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Cornell says CVS deal would grow traffic, sales

Cornell says CVS deal would grow traffic, sales

Target’s sale of its pharmacy business to CVS Health, which would operate Target’s 1,660 in-store pharmacies under the CVS/pharmacy banner, would allow Target to sharpen its focus on “reinventing food” while benefiting from increased traffic and sales, said Target chairman and CEO Brian Cornell during a call with investors Monday.

“One of the great things we offer in the marketplace just broadly is one-stop shopping,” Cornell said. “You come to Target and you take care of many of your needs all at once. I think now when you bring CVS’ scale and their clinical resources, that provides an even larger opportunity to provide that one-stop shop to many, many more guests than are currently utilizing our pharmacy today.”

Cornell and Target EVP and CFO John Mulligan acknowledged that although Target Pharmacy is valuable to its guests, with 5% of 7% of shoppers utilizing its services, it lacks the scale and expertise necessary to succeed at a time of continual change in healthcare.

“[CVS Health] bring scale, they bring cost efficiency, they bring expertise that we just could not bring to a space where we are operating as a subscale player,” said Mulligan, adding that Target will benefit from positive health perceptions associated with the CVS brand.

“Our guest research clearly indicates that their view of our wellness credibility goes up significantly with a partner like CVS Health in our stores providing those healthcare services. So we view this as a terrific win for our guests,” he said.

Cornell said that the deal will allow Target, based in Minneapolis, to operate with greater efficiency, noting that the “transaction will free up our resources. We can deploy in support of our key growth priorities, including on-demand shopping, category roles, localization and personalization and the development of new urban formats. Another key priority for Target is to become a faster-moving, more agile organization, focused on acting decisively and removing roadblocks which slow down innovation.”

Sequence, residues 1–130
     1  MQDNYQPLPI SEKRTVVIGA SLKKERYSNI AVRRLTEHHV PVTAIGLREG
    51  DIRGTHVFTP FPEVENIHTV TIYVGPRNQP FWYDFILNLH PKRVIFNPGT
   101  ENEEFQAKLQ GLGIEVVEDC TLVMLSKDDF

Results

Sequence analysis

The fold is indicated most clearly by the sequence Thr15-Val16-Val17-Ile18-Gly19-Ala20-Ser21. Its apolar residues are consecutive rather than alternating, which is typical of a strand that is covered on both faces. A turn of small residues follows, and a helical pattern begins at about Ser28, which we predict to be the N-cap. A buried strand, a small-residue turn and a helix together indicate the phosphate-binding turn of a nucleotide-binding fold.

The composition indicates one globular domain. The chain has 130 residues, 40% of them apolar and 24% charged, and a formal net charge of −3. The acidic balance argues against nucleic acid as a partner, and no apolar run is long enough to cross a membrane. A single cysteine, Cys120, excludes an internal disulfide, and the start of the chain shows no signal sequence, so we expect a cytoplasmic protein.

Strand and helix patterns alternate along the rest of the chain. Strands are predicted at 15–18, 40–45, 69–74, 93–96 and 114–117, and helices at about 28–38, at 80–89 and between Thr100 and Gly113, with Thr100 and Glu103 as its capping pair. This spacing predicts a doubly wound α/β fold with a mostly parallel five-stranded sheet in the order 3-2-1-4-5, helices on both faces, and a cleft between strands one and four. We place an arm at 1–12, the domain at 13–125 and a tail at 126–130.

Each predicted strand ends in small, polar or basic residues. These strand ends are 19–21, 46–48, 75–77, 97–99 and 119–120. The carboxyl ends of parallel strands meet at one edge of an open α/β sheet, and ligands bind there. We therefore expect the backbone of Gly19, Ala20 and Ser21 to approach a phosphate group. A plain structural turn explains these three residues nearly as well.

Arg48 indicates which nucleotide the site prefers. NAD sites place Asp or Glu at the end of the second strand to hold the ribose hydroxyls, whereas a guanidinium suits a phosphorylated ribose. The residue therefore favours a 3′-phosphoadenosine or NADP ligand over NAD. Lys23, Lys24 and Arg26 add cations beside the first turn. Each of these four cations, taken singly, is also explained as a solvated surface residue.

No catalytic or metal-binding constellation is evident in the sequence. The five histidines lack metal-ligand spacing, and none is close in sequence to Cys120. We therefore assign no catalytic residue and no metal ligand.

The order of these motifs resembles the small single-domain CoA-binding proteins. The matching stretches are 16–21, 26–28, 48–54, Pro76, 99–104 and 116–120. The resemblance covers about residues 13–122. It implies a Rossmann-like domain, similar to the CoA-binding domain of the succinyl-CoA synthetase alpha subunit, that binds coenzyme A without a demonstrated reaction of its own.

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On the health and wellness front in particular, Target will improve products and experiences, including “options to help our guests eat well and stay active through an enhanced assortment of non-toxic and clean label options,” Cornell said.

CVS, headquartered in Woonsocket, R.I., would pay Target approximately $1.9 billion for the pharmacies and 80 in-store clinics to be rebranded under CVS’s MinuteClinic banner.

In addition to operating existing Target pharmacies under its brand, CVS would open and operate pharmacies at new Target stores moving forward, including small-format stores and new locations resulting from a planned co-development agreement.

“Under this plan, we expect to open five to 10 co-developed Target Express stores in the two years following the close of the transaction, with an option to open up additional small format stores over time,” said Cornell of the deal. “Finally, as part of this transaction, CVS plans to expand their MinuteClinic business in existing Target stores over the next three years.”

Under the terms of the deal, CVS would pay ongoing rent to Target. These costs are expected to be in the $20 million to $25 million range in the year following the closing, Mulligan said.

While CVS would operate the pharmacies and in-store clinics, products and services operated outside of those spaces, such as over-the-counter products, would remain under Target’s purview.

“We’ll just continue to enhance our focus on those key signature categories, including wellness, which means a lot of the OTC items,” said Mulligan. “We’ll be focusing on our core strength, making great choices from an assortment standpoint for our guests, making sure that we’ve got an outstanding in-store presentation and continuing to make sure that we localize and personalize how we interact with our guests.”

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